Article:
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January 7, 1999
IN AMERICA / By BOB HERBERT

Mr. Lott's 'Big Mistake'


I asked Gordon Lee Baum if he felt black people were intellectually inferior to whites.

"My personal belief is that the overwhelming, almost unanimous belief of the professionals, the academia, if you will, in the field, say that is the case -- that there's a difference between black and white intelligence. My personal inclination is to believe that 'The Bell Curve' is not too far off the mark."

He went on: "You will have a hard time finding somebody in the field -- I'm a lawyer, I'm not a scientist or an applied psychologist or psychiatrist -- but you would have a difficult time finding anybody in academia who would dispute that. Try it."

Mr. Baum is the chief executive officer of the Council of Conservative Citizens, a right-wing, pro-white group that until recently was a favorite stop of the Senate majority leader, Trent Lott, who is from the right-wing, pro-white state of Mississippi. Now that some of the openly racist contents of the council's publications have gotten national attention, Mr. Lott is trying to keep his distance. It's not working. He can try to present himself as a statesman in the impeachment proceedings, but the smell from this dismal group is all over him.

"The Council of Conservative Citizens is the reincarnation of the racist White Citizens Councils of the 1950's and 1960's," according to a report compiled by the Southern Poverty Law Center, an organization in Alabama that monitors hate groups. The council's main publication, Citizens Informer, offers what the law center described as "a steady stream of anti-black and anti-homosexual columns."

The law center's report, released last month, said: "The Informer's subscribers are continually encouraged to study biological determinism, eugenics and other racist views packaged as 'scientific.' Last fall, for instance, the magazine carried a glowing review of Gerald M. Spring's 'The Philosophy of the Count de Gobineau,' a book about a French 19th Century writer on race and biology."

An excerpt from the ecstatic review followed: "His 'Essay on the Inequality of Human Races' . . . advanced the thesis that each of the three major races plays a distinct role in history. . . . The whites were the creators of civilization, the yellows its sustainers and copyists, the blacks its destroyers. We need to know more about this great thinker. . . . The enlightenment truly began in France."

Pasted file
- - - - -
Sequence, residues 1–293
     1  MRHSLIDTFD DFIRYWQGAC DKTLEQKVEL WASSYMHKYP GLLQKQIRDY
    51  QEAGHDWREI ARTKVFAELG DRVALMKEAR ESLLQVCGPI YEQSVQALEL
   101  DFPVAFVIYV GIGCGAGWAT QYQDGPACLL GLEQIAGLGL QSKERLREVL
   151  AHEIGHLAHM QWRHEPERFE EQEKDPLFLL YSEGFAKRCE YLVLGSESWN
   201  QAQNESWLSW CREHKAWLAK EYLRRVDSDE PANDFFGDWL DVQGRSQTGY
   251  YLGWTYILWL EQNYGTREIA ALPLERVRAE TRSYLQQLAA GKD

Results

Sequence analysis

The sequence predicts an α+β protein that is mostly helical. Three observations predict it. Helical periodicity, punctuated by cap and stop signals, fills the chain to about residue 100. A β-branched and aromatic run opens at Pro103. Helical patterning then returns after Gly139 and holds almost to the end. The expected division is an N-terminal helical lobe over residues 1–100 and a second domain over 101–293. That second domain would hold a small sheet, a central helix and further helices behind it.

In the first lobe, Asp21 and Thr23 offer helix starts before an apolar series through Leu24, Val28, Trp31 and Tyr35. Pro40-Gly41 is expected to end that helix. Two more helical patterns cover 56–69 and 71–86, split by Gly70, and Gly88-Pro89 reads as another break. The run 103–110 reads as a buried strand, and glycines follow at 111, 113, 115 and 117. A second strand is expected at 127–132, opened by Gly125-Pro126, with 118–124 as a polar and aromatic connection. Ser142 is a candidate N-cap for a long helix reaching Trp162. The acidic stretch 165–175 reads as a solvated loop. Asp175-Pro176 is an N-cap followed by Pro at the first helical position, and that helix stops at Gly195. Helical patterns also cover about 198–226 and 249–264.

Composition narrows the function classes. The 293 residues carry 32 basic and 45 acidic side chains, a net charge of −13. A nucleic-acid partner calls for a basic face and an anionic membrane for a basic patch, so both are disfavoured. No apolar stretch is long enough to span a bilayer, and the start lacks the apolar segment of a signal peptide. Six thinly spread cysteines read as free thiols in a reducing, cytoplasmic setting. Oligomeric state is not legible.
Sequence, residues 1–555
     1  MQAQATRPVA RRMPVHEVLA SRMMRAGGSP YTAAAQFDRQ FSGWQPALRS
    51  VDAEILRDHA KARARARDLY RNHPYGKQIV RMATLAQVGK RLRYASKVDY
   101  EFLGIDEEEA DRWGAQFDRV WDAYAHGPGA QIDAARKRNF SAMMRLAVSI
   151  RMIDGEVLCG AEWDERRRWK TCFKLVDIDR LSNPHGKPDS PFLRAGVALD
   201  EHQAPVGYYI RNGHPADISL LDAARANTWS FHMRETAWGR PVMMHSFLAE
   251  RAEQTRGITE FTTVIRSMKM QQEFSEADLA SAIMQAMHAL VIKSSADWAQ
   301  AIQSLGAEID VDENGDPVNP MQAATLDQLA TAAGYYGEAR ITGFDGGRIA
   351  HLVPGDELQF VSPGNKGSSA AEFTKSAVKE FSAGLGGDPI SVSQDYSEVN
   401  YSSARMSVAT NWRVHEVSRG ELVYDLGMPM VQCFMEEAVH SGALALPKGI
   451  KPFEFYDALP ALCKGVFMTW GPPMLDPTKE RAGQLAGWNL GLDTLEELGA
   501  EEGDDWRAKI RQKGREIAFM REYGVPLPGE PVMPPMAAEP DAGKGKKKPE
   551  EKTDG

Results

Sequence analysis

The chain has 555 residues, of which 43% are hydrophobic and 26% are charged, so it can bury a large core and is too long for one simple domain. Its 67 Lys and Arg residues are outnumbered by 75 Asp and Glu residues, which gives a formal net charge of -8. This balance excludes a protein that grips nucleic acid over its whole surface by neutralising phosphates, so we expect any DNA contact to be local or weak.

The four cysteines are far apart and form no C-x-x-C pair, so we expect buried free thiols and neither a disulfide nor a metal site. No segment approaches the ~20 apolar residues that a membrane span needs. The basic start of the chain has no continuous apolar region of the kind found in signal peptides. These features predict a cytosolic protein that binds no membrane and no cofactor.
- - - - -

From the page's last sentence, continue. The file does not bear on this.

For years, nothing about the council seemed to bother Mr. Lott. He once told a gathering of its members, "The people in this room stand for the right principles and the right philosophy."

But the majority leader experienced some discomfort recently when stories in The Washington Post and elsewhere spotlighted the council's repugnant views and the fact that speeches had been delivered to the group by Mr. Lott and Representative Bob Barr of Georgia.

Mr. Lott claimed he had been completely in the dark about the race stuff. Didn't know a thing. Said through a spokesman that he had "no firsthand knowledge of the group's views." No awareness at all.

Spare me. Trent Lott is immersed from his wingtips to his forehead in the culture of the South. He is an unabashed admirer of Jefferson Davis and the Confederacy. He's addressed the council. He's been photographed hobnobbing with its leaders. His syndicated column has appeared frequently in the Citizens Informer.

Mr. Lott is nervous about the potential reaction to his association with the council, but in fact he is receiving very little criticism. Black racism is a big no-no nowadays, but white racism largely gets a pass. Imagine the outcry if a mainstream black politician gave a rousing keynote address to the Nation of Islam, and declared that Louis Farrakhan's philosophy and principles were the right ones.

 

What little heat Mr. Lott is taking is coming from the right. "We're not real happy with Trent because we don't think he's conservative enough," said Mr. Baum during a telephone interview on Tuesday.

When I asked if he was upset that Mr. Lott was keeping his distance from the council, Mr. Baum said no. "He's gotta do what he's gotta do. We're not going to badmouth him."

But he added: "Trent's probably making a big mistake. It isn't going to help him back home, I can tell you that. It isn't going to help him in Mississippi."

©Copyright 1999 The New York Times Company

 

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